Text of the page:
THE TRADITIONAL DOJO
We all dream of travelling to an uncharted part of the mountains in Japan, following a rocky path lit by lanterns to a hidden pagoda, where an ageless grandmaster of some mysterious martial art will happily grant a total stranger all the secrets of his art, preferably in a couple of weeks , for no charge.
It comes as a bit of a shock then, when you follow directions down some industrial wasteland to a hut in the middle of a scrap yard, but in Japan this is much more likely, or a garage, university hall or backyard will suffice in most cases.
Very few Ryu (schools) in Japan can afford a dojo as we in the west would like to think of one. Those that do generally have plenty of foreign students to subsidise it, or it has passed through many generations of the same family and is on their own land.
So what are we looking for in a traditional dojo? Obviously martial arts have different requirements depending on their style.
Arts such as karate or kendo require space and a good sprung floor, judo or other similar arts will require tatami mats, although gym mats are the norm, even in Japan these days.
If I may, I will describe my dojo, although not a perfect example, we try to maintain links with the traditions of a past that is not ours, so mistakes will be made and compromises met.
On entering a dojo, the opposite wall to the entrance is a Shomen, this is where the kamiza, (spirit seat) resides, usually it is the north or east wall.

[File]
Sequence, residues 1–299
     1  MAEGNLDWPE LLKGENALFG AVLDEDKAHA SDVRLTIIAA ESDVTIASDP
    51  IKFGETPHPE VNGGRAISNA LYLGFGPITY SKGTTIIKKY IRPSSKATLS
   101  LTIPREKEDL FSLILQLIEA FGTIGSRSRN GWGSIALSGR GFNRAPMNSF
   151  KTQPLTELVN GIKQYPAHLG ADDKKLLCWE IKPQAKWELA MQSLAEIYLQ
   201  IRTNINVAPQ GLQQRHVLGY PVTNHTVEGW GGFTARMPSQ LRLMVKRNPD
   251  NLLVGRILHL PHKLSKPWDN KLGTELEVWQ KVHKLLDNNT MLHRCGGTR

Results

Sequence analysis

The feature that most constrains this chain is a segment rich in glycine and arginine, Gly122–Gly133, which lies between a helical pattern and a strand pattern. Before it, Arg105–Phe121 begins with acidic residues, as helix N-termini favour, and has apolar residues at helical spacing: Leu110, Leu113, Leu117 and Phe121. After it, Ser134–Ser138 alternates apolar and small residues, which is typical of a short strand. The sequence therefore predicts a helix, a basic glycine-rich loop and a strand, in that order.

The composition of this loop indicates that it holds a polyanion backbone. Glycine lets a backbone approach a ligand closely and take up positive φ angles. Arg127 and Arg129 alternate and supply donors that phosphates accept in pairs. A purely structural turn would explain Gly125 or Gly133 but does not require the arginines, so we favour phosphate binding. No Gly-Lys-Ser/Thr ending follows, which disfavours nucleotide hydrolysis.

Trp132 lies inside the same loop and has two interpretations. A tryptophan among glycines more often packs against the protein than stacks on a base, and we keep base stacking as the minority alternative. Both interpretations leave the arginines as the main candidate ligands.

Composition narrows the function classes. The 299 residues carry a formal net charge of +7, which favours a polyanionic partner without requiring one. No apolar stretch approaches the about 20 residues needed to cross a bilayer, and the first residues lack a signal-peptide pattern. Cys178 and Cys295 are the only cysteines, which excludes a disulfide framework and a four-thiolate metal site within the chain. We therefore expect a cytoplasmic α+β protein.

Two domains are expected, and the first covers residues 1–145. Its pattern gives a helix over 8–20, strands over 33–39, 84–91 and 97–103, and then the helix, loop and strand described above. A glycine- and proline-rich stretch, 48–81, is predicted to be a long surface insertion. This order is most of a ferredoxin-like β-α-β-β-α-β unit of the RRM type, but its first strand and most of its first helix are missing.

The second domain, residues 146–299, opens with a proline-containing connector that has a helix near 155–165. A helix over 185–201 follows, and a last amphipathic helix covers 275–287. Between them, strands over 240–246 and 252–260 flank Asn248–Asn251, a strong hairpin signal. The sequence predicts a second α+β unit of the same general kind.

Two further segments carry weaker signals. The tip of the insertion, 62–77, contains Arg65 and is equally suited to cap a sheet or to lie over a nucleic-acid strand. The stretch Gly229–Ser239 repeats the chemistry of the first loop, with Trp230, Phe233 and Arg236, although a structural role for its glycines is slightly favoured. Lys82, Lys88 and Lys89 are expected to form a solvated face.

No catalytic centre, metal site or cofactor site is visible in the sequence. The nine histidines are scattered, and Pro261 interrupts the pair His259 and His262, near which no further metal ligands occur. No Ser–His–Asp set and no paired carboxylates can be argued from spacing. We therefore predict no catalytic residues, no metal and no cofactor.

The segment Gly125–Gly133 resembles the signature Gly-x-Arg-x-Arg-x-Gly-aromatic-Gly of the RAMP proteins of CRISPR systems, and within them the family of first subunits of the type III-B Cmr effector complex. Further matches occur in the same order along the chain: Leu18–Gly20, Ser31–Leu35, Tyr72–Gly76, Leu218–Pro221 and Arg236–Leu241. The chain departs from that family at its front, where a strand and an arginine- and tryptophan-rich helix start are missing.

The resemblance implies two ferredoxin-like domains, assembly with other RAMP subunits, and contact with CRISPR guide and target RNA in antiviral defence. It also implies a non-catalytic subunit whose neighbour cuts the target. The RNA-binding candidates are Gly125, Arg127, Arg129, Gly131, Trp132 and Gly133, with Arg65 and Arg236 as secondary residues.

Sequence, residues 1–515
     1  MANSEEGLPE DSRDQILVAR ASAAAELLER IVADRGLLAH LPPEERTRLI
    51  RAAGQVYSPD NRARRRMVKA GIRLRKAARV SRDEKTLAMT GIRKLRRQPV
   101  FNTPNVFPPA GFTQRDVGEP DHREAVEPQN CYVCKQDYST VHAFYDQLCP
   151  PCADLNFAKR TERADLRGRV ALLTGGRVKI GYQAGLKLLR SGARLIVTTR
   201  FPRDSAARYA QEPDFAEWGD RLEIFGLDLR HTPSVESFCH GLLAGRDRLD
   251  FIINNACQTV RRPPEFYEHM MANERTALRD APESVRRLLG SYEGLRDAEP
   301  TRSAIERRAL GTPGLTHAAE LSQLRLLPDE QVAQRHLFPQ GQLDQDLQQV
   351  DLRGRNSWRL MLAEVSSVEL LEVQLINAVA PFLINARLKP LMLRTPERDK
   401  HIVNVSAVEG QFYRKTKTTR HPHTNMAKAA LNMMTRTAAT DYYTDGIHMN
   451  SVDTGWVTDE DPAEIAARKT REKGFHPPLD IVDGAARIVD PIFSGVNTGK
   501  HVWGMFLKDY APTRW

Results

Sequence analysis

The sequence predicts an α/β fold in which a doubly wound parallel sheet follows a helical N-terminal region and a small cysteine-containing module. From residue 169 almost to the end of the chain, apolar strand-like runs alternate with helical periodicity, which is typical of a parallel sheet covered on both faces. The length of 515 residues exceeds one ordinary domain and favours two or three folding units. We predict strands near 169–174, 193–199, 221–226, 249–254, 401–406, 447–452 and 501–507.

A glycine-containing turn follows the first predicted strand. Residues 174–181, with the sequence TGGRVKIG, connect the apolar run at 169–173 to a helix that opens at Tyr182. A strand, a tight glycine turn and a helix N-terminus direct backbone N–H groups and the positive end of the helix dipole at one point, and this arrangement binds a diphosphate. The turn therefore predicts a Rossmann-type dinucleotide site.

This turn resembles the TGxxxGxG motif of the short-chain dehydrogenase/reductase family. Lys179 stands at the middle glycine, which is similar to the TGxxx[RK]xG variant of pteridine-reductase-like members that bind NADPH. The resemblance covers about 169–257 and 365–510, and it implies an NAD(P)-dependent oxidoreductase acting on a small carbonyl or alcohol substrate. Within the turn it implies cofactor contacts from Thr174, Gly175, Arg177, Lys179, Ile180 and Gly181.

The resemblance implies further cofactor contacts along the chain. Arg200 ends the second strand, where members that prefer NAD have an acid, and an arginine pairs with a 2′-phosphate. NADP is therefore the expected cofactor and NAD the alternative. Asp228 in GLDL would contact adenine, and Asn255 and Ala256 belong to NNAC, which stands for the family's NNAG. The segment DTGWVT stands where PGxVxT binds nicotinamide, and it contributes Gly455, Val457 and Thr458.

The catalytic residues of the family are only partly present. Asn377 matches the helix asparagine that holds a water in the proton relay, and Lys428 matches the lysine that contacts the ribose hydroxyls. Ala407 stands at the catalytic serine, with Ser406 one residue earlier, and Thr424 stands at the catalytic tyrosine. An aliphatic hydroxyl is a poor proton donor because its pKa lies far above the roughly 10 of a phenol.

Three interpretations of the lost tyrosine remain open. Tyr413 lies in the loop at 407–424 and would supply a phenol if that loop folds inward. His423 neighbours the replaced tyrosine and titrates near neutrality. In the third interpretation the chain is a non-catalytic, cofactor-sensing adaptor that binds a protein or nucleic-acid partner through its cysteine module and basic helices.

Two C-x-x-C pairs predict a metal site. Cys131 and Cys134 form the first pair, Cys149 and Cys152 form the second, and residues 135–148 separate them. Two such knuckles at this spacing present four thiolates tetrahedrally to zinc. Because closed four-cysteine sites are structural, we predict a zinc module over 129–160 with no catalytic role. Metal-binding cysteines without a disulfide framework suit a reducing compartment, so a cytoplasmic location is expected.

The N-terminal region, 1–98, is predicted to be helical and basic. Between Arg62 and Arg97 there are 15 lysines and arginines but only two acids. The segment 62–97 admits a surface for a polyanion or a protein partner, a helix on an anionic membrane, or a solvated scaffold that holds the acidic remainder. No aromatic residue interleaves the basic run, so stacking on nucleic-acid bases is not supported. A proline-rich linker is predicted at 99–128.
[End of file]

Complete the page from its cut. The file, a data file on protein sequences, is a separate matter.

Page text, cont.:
The kamidana, is a shelf on which a Shinzen, or spirit house sits, it contains an o-fuda , or power plaque blessed in the name of Amateratsu, without this it is an empty house. Either side of this are Sasaki clippings to represent nature, offerings of rice, salt and water are placed in Shingu, or white pots as well.
In most Ninpo (ninja) dojo, an odd number of candles may be paced on the shelf, normally five, to represent, light, the elements etc.
Other items may be placed on the shelf, although it is not allowed to place weapons, or photographs of teachers directly on the shelf, they can be placed on either side.
A Shimenawa, a rice straw rope, with white paper “lightning“ strips, define the area as sacred, it is most impolite to put your bags or clothes near it , or walk directly across it without acknowledgement to the kami, or spirit that resides there.
Dependant on the art practiced, weapons are stacked on Kake racks high around the walls, as are Menkyo diplomas photographs etc., as most dojo are small, this prevents students knocking into them.
In most dojo, Nafuda, or rank plaques, are hung around the wall with the names of current Yudansha on them, they move around the dojo as they rise in rank.
By far, the most important part of any dojo is the students, not the quantity, or even quality, but the loyalty and desire for the dojo to survive and thrive is paramount.
If we take a traditional dojo in Japan, students are nearly always introduced by existing members, no flyers, special discount coupons, or recruitment drives in the shopping mall.
It is hard to imagine in the west, students giving free time to clean and decorate the dojo annually on New Year’s Day and then pay a years’ fees.
In Japan this is expected, they then give a demonstration to family and friends. This is their recruiting drive and keeps the school going for another year. It is not unusual for students to have done this for decades, a little different to turning up at a council sports hall when you feel like it and expect the instructor to welcome you like a long lost son